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  • New Constitution-making process - Index of articles

  • Human rights and Zimbabwe's Draft Constitution
    Derek Matyszak, Research and Advocacy Unit (RAU)
    March 2013

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    PART 1


    There are two basic and contrary models for the crafting of constitutions in circumstances similar to those facing Zimbabwe after 15th September 2008. One is a “transformative” approach in which the constitution makers try to change essential elements of the constitutional culture - to make life different in the future. The other is a “preservative” approach which attempts to protect longstanding practices. Article VI of the GPA explicitly indicates that the intention of the agreement is that a transformative constitution is to be drafted which “deepens” democratic values in Zimbabwe. Pronouncements by politicians from the MDC formations (and SADC facilitators) is that the new constitution is intended to be transformative in the sense that it is to change the conditions under which Zimbabweans go to the polls in order to protect the integrity of the electoral process, in accordance with international standards.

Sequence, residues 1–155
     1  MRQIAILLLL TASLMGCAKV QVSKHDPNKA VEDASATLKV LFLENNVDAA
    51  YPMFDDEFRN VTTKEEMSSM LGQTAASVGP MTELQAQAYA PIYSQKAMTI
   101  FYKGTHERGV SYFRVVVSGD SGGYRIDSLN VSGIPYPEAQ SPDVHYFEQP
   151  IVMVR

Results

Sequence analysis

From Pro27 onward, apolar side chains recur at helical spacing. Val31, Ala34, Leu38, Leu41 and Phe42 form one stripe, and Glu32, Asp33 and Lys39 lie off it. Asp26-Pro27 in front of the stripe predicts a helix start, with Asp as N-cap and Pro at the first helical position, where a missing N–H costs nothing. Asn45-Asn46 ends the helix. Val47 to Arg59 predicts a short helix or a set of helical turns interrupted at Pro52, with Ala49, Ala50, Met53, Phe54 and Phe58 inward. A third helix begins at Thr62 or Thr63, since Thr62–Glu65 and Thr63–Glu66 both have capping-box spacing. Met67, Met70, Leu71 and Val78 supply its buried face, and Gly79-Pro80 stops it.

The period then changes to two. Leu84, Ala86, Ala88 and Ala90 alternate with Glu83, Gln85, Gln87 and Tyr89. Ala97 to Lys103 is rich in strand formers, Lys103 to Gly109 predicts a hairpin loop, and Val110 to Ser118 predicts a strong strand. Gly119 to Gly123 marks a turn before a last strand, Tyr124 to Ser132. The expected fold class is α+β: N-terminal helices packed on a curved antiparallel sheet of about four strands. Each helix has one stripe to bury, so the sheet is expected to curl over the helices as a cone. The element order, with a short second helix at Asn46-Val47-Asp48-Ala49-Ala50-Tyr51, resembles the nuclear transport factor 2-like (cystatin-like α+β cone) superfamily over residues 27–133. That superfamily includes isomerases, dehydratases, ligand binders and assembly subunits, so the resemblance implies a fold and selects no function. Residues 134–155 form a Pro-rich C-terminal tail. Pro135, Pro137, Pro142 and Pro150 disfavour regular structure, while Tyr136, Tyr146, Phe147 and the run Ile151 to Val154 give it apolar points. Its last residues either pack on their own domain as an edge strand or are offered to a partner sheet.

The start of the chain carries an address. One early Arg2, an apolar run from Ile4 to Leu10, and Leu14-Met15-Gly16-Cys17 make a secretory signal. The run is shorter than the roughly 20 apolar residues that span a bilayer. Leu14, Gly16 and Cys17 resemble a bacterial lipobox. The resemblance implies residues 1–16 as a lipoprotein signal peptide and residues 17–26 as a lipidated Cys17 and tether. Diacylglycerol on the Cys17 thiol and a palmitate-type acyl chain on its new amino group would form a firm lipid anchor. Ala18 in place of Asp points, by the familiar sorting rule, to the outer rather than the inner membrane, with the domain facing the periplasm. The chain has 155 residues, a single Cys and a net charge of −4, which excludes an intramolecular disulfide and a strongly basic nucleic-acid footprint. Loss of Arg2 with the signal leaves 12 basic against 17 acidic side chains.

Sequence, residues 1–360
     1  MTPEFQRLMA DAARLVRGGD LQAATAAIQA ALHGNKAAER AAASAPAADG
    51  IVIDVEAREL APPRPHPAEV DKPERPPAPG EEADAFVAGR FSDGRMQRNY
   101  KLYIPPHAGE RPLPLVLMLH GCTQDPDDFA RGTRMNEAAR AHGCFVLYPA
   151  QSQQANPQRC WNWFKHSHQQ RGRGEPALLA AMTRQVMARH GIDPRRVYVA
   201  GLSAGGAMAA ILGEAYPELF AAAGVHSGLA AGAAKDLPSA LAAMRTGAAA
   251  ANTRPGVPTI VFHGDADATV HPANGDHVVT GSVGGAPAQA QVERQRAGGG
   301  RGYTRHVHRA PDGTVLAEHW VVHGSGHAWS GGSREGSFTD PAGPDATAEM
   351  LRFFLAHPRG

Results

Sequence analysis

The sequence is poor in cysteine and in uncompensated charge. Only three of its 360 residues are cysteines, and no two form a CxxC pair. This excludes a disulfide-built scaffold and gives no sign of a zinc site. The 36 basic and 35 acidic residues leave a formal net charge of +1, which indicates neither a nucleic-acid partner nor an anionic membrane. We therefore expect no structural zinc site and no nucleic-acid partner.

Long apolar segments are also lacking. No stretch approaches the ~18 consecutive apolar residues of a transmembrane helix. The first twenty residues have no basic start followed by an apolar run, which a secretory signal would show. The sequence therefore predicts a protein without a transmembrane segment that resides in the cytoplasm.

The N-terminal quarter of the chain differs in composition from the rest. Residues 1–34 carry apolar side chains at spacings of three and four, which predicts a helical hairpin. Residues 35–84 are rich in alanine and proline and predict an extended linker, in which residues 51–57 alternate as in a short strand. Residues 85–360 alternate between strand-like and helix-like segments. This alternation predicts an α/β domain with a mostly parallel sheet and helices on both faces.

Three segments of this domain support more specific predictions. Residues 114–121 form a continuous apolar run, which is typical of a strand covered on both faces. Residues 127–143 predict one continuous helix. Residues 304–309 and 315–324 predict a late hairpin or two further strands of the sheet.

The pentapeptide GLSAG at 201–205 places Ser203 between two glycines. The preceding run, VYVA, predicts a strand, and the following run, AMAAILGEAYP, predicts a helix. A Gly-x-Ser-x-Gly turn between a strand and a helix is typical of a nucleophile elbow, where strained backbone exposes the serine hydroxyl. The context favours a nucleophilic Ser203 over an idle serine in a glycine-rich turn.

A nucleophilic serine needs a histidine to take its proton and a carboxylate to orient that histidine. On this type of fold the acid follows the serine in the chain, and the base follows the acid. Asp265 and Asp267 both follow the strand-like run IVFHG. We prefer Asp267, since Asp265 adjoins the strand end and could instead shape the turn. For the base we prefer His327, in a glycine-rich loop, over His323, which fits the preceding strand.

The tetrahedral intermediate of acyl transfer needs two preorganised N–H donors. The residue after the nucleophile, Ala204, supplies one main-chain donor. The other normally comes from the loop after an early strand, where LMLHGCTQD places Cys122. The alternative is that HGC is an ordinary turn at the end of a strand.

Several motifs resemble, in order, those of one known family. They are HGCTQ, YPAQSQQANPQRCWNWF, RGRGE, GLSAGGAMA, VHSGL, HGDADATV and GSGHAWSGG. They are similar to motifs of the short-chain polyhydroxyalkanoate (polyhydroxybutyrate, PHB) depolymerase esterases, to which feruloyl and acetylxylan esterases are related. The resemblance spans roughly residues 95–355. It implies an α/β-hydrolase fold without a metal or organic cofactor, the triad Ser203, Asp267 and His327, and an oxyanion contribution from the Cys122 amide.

Negotiations around the draft constitution reveal that, while the MDC formations are largely in favour of a transformative model, ZANU PF favours a preservative model. Both these models are reflected in the comprise document that has emerged. Where the draft constitution deals with the issues of the structure of government, presidential and executive power, the document is largely preservative. In the case of the Declaration of Rights, the draft is clearly intended to be transformative, with one or two notable exceptions. It is the Declaration of Rights and associated clauses which are considered here.

    Types of Rights

    Human Rights are generally accepted as falling into one of three categories named first, second, and third generation rights, although a United Nations resolution of 1977 has affirmed that all these rights should be considered as “indivisible”.

    First Generation rights pertain to civil and political rights such as the rights to life, the right to liberty, the right to freedom of expression, etc., and are set out in Chapter 4 of the draft. These rights are often regarded as negative rights in that they merely require governments to refrain from certain acts, such as arbitrarily depriving a person of his or her freedom. In themselves, they can be applied without cost to the State. Second Generation rights, by contrast, seek to impose a positive duty upon States. These rights pertain to social and economic rights and include the right to housing, food, education, health, etc., and are set out mainly in Chapter 2 of the draft as “national objectives”. They obviously have cost implications for the State. Third Generation Rights are still a developing part of international rights law, but this category includes community rights and most frequently included under this rubric is the right to a clean environment. This right appears as part of Chapter 4.

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